2014-04-01

361

Quantitative evaluation of the petal shape variation in Primula sieboldii caused by breeding process in the last 300 years.  

PubMed

Primula sieboldii: (E. Morren) has been a popular garden plant at least since the Edo period, about 300 years ago. We compared petal form between cultivars and wild populations in order to characterise the changes that have occurred during domestication. The comparison was made using EF-PCA analysis, which describes overall petal shape mathematically by transforming petal contour coordinates into elliptic Fourier descriptors; it subsequently summarises these descriptors by principal component analysis (PCA). Rearing cultivars in a common-garden experiment identified the PCs with a substantial genetic element. A clear heritable component was detected for the PCs characterising symmetrical variation in flower shape, but not the asymmetrical variation. Wild populations of this species have become endangered owing to habitat destruction by human activity, and many lowland floodplain habitats have been lost. Variation within the remaining wild populations was significantly lower than in the cultivars for PC1 (aspect ratio), PC3 (curvature of proximal and distal parts) and petal area; but not for PC2 (depth of head notch) and PC4 (position of the centre of gravity). The shifts in petal form from the wild populations to the cultivars parallel those seen in other crop-types following domestication, including an increase in size and diversity of forms: cultivars have shallower head notches, more fan-shaped petals and larger petals than do wild P. sieboldii. PMID:15829983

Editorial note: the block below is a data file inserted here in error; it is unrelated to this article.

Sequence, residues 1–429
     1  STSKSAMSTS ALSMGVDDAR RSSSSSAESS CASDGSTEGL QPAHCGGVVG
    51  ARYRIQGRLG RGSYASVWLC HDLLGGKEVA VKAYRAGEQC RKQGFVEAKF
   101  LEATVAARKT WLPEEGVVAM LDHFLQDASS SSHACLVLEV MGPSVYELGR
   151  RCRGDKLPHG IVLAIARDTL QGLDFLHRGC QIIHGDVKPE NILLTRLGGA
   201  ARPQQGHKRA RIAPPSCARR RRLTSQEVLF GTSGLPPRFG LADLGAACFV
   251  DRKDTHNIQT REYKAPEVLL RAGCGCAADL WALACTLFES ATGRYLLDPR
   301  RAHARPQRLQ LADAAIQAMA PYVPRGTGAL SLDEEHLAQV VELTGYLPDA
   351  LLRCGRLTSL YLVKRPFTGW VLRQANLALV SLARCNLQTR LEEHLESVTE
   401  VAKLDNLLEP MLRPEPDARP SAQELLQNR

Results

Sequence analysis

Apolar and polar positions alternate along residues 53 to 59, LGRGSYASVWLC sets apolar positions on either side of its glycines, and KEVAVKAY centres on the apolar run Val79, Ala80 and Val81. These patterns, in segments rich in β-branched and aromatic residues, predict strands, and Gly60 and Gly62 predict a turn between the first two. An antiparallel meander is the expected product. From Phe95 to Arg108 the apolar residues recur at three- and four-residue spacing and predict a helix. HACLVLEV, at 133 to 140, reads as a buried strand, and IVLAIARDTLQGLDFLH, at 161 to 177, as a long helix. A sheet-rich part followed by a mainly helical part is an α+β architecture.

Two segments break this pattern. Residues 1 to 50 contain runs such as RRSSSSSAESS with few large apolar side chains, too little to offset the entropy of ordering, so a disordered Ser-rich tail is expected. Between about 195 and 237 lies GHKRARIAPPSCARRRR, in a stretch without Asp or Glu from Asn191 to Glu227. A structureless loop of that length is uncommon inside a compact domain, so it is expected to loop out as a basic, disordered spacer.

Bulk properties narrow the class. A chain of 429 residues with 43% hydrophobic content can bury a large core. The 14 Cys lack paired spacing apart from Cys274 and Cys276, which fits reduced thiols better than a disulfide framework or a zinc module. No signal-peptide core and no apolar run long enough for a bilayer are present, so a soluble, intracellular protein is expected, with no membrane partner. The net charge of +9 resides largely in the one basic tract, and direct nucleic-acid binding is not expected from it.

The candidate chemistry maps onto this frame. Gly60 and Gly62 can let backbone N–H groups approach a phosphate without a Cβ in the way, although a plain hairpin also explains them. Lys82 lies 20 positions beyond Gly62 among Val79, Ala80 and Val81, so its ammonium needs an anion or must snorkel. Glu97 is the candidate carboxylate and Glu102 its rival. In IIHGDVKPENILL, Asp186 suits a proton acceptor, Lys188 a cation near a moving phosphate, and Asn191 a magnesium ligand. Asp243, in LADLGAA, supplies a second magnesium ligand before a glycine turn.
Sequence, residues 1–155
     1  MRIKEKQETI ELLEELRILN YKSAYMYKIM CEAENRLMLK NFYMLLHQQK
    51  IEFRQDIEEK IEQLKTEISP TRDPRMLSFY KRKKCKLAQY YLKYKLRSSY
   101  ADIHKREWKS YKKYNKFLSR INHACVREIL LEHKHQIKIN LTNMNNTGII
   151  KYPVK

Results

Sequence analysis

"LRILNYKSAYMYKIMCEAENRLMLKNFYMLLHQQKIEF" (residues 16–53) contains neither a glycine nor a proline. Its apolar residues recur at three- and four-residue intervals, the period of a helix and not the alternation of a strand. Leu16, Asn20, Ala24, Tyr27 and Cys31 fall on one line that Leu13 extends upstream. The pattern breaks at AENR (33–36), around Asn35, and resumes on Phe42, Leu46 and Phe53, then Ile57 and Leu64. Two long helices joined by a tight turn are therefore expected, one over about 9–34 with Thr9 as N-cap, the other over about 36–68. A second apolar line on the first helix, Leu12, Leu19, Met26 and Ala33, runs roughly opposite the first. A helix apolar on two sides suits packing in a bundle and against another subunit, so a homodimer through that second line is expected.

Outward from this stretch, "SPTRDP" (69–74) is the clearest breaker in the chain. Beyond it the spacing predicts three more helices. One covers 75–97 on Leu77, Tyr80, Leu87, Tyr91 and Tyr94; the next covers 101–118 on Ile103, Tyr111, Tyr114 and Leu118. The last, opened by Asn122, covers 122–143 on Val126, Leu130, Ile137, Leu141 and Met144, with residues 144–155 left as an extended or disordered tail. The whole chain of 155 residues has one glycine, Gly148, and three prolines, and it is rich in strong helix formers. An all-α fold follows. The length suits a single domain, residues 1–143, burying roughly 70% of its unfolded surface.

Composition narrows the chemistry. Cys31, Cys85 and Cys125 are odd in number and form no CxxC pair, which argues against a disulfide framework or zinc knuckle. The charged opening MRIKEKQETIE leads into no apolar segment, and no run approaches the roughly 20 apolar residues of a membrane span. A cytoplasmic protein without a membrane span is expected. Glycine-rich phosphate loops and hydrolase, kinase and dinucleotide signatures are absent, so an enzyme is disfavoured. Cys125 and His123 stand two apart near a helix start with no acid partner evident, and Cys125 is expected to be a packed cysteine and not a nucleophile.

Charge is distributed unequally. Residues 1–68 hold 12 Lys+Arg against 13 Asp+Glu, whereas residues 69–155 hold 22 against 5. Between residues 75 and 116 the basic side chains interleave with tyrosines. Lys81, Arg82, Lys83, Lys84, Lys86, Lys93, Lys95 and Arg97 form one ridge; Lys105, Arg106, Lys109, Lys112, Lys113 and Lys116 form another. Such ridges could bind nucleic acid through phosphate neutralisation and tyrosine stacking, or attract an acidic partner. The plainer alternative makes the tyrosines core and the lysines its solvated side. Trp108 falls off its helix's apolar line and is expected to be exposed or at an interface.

Yoshioka, Y; Iwata, H; Ohsawa, R; Ninomiya, S

2005-06-01

362

CT-based quantitative evaluation of radiation-induced lung fibrosis: a study of interobserver and intraobserver variations  

PubMed Central